The Banquet Hall Experience

I’m beginning to learn that there is a certain image that represents a “restaurant” in greater Michigan. Driving down the highways, outside of the “downtown”, which has been remodeled (or just maintained) to look like the Americana of storybooks, there are these square buildings, often painted in “genteel” colors that boast large parking lots and large signs that never fail to advertise banquet halls.

My Los Angeles snobbery alert was running high when I first saw the sign for “banquet hall.” In California, one does not mention this–either the restaurant has a room to facilitate a large group of people or you rent out the entire restaurant for your event. Or if it does advertise it, it’s more like the Franciscan on Sepulveda Blvd. in Torrance. See below:


But on a late night, tired from driving in circles, trying to navigate a new suburbia, we stopped at Habib’s, a Middle Eastern restaurant that matches said building above. The one difference: Habib’s advertises half roasted chickens w. hummus, salad, and potatoes (we think–the abbreviations were not standardized) for $14.99 on their sign readable from the highway.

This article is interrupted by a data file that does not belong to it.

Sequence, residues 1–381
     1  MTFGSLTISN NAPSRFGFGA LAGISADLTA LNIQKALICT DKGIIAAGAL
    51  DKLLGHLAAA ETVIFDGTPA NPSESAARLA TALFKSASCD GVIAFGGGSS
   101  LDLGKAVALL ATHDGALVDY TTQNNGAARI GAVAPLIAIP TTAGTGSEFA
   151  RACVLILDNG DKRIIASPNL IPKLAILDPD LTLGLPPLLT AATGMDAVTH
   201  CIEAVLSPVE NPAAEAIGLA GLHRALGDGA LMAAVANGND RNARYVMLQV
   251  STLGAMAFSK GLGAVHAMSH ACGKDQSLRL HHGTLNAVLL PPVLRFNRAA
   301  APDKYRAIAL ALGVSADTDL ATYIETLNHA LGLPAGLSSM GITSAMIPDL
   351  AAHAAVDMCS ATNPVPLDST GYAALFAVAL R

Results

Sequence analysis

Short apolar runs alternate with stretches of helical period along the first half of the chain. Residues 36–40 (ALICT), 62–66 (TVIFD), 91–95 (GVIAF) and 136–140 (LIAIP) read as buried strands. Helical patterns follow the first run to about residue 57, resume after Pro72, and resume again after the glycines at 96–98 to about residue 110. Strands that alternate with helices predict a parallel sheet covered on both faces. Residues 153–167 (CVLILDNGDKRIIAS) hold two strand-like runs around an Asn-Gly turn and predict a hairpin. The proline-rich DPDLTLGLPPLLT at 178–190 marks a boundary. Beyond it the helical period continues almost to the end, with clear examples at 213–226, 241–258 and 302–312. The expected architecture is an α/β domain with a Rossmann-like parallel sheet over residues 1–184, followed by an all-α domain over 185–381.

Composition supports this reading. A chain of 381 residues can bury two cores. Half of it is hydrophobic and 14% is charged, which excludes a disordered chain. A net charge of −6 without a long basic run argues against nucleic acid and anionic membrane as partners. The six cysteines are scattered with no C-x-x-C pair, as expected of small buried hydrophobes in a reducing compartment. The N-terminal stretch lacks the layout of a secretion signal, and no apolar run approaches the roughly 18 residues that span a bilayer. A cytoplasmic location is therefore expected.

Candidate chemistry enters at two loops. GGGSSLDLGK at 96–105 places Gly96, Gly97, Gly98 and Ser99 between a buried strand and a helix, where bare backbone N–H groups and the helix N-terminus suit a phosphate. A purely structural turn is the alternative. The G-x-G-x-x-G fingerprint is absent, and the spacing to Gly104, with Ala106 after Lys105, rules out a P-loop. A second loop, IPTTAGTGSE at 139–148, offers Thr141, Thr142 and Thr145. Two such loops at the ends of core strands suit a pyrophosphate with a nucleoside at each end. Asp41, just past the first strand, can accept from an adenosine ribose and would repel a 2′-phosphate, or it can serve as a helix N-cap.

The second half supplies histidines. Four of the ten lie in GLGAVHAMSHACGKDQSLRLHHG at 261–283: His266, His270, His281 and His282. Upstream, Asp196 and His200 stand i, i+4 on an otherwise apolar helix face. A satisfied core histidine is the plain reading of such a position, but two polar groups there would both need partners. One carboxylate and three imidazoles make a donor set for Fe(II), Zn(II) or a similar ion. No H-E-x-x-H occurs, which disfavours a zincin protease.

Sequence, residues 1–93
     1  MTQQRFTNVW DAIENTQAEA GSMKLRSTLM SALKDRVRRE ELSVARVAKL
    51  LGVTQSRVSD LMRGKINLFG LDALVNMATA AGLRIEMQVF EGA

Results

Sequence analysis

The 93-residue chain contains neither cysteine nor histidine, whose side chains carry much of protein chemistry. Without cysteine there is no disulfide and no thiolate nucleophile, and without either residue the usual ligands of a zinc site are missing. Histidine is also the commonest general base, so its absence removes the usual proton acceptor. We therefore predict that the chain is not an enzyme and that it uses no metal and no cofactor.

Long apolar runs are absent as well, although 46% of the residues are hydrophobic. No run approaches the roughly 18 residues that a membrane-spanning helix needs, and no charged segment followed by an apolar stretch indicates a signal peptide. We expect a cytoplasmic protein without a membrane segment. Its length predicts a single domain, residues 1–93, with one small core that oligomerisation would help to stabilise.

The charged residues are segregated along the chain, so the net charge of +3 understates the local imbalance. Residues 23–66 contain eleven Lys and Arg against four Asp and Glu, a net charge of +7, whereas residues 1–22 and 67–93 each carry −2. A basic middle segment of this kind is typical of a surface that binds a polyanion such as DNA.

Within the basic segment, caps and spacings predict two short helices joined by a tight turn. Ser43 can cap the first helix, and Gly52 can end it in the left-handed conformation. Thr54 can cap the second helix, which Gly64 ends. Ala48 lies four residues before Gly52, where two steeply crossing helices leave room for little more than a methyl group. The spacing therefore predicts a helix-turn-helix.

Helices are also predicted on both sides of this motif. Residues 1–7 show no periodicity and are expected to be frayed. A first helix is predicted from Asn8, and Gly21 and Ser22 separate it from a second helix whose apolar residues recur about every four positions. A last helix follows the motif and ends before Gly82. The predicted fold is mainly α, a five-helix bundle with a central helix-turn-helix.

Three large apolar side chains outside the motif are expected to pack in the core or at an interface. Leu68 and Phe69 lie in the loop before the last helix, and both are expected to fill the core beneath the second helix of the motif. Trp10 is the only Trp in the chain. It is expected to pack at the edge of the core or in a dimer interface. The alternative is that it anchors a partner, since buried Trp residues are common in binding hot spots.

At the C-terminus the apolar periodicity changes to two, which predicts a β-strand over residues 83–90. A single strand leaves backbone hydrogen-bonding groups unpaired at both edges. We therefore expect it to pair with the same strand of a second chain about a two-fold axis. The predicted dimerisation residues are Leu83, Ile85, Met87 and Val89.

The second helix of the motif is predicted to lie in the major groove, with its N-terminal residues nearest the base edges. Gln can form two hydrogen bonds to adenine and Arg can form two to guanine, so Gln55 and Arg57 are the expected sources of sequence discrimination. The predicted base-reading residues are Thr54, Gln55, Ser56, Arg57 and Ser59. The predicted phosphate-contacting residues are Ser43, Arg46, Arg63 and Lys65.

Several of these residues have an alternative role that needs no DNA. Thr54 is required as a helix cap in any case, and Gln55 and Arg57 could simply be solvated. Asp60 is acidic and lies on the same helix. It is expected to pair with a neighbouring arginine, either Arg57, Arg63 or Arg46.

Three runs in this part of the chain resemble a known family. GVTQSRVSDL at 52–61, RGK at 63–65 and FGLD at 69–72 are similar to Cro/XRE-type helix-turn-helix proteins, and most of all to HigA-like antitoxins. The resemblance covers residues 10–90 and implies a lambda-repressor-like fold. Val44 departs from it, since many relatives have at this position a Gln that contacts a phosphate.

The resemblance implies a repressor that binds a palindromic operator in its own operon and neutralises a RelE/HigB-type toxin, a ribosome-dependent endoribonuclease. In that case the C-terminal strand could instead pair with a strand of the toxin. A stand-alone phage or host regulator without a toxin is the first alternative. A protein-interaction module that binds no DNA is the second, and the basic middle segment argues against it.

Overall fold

We stepped in, finding a restaurant that bought all it’s furnishings and building supplies from a model home development from the late 1990s. An overwrought elegance that was never in style, white tablecloths and blue glasses, and a bevy of Middle Eastern families, this was something else.

But the food was great–a bit more upscale than the strip mall venue, the portions were gigantic, the hummus and appetizers enough of a meal alone, and the entrees even better, whether it was kebabs, salads, or house specialities. Apparently, the chef, Habib, was formerly the chef at the Arab-American Institute in Dearborn and a loved figure. A go to restaurant, complete with a juice bar, the only thing lacking was alcohol. But that’s why places like Miller’s exist.

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